We also have the Terminal High Altitude Area Defense (THAAD) system deployed in South Korea. There have been 15 intercepts in 15 tests for the THAAD system, according to the MDA. Now, there is talk of deploying them in Japan. THAADs are currently also deployed in Guam and Hawaii.

Finally, there is the Ground Based Midcourse Defense System (GMD). GMD, like THAAD, is a hit-to-kill system. Unlike THAAD which intercepts missiles during their terminal phase, GMD is aimed at destroying them in midcourse. It is the only system the US has that could be capable of destroying an ICBM launched at the US by NK. There are 40 GMD interceptors deployed in Alaska at Fort Greely, and Vandenberg Air Force Base in California. The GMD has a troubled history, with many failed, or incomplete tests.

The military’s next anti-missile solution won’t even begin testing until 2023.

Until then, every time an NK missile heads toward Japan, Guam, or anywhere else, the president will have to decide whether attempting to shoot it down is worth the costs of probably missing it.

And without a missile defense, our next best alternative is massive nuclear retaliation on the NK homeland.

That’s a ticket for the destruction of South Korea and Japan.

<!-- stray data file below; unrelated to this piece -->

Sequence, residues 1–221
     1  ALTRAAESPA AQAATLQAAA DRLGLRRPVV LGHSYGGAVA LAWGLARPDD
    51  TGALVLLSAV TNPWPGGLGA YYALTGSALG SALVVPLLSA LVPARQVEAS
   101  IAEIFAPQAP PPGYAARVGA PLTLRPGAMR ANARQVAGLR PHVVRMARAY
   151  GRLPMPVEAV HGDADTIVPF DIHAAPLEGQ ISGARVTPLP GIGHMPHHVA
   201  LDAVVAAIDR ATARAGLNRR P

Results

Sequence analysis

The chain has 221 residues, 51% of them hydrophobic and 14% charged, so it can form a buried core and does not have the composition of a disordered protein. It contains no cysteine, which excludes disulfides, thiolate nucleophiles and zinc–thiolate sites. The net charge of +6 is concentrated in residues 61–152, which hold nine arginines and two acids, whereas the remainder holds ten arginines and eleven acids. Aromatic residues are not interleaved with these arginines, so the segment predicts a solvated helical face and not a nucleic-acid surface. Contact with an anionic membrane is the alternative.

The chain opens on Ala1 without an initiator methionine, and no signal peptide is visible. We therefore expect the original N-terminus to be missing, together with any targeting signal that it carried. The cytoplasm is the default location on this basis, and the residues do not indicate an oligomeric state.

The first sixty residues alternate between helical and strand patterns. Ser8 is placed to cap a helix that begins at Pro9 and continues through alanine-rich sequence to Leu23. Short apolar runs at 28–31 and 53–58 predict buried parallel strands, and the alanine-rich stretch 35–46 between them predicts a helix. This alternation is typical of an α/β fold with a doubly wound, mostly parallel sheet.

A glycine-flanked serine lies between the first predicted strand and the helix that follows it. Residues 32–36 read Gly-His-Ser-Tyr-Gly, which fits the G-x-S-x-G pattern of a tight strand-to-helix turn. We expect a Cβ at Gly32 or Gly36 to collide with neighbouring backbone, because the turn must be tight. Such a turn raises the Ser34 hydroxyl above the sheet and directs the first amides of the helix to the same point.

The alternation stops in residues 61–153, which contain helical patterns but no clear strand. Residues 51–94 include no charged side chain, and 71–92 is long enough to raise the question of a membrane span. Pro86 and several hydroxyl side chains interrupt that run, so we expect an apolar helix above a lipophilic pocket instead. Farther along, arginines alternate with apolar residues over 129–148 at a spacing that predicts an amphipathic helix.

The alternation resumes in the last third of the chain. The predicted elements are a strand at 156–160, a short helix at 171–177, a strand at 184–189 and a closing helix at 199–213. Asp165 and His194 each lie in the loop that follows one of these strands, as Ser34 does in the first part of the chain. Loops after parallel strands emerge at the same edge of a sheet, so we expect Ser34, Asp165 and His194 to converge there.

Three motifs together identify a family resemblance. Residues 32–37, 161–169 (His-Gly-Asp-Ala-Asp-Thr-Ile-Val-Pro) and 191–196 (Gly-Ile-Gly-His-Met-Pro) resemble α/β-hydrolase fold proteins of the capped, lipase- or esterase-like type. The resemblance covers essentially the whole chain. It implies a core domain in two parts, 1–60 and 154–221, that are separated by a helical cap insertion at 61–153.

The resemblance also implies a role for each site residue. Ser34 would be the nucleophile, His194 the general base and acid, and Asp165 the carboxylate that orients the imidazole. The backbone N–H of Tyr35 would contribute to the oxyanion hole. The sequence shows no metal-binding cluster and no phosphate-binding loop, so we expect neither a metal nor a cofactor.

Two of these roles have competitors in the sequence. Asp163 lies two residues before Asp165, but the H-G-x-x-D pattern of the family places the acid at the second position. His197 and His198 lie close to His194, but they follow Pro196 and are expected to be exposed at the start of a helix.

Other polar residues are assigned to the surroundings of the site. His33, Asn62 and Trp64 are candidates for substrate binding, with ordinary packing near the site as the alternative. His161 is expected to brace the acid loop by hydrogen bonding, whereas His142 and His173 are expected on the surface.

And a likely war with China.

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Sunday Cartoon Blogging – August 13, 2017

This just in from PBS shows how badly Democrats have hurt themselves since 2008:

After high-profile candidates lost decisively in the last two elections…the party now finds itself in unprecedented territory for the 2018 ballot: with no major candidate to run. Democratic leaders haven’t yet lined up a substantial name to represent the party and its message despite months of trying.

Ann Richards, elected in 1990, was the last Texas Democratic governor. And now, no major Dem candidate will run for governor. This is despite a booming Hispanic population and Democratic dominance in the state’s largest cities.

Democrats have expanded their advantage in California and New York. Combined, these states gave Clinton a 6 million vote edge, more than twice her national margin. But those two states elect only 4% of the Senate.

We once thought that there was an “Obama coalition” that would only grow because of demographics: Left-leaning populations were growing, America was becoming less white, and this alone would guarantee Democrat majorities well into the future. This idea has failed. Is it time for the DNC establishment to accept the awful truth that they are no longer a national party?

The Cook Political Report says that even if Democrats won every single 2018 House and Senate race for seats in districts that Hillary Clinton won, or that Trump won by less than 3 percentage points, they would still fall short of the House majority and lose five Senate seats. Some permanent majority. Time for a few new Democrats to lead.

On to cartoons. Many people pointed out that there were some similarities between Trump and Kim:

Strategic thinking, Trump-style:

Uncle Rex tells America a bedtime story:

Trump said that his North Korea comments were similar to a few other guys:

Foxconn gets $3 billion in tax breaks in exchange for building a $10 billion factory in Wisconsin. It will take 20 years for the state to break even: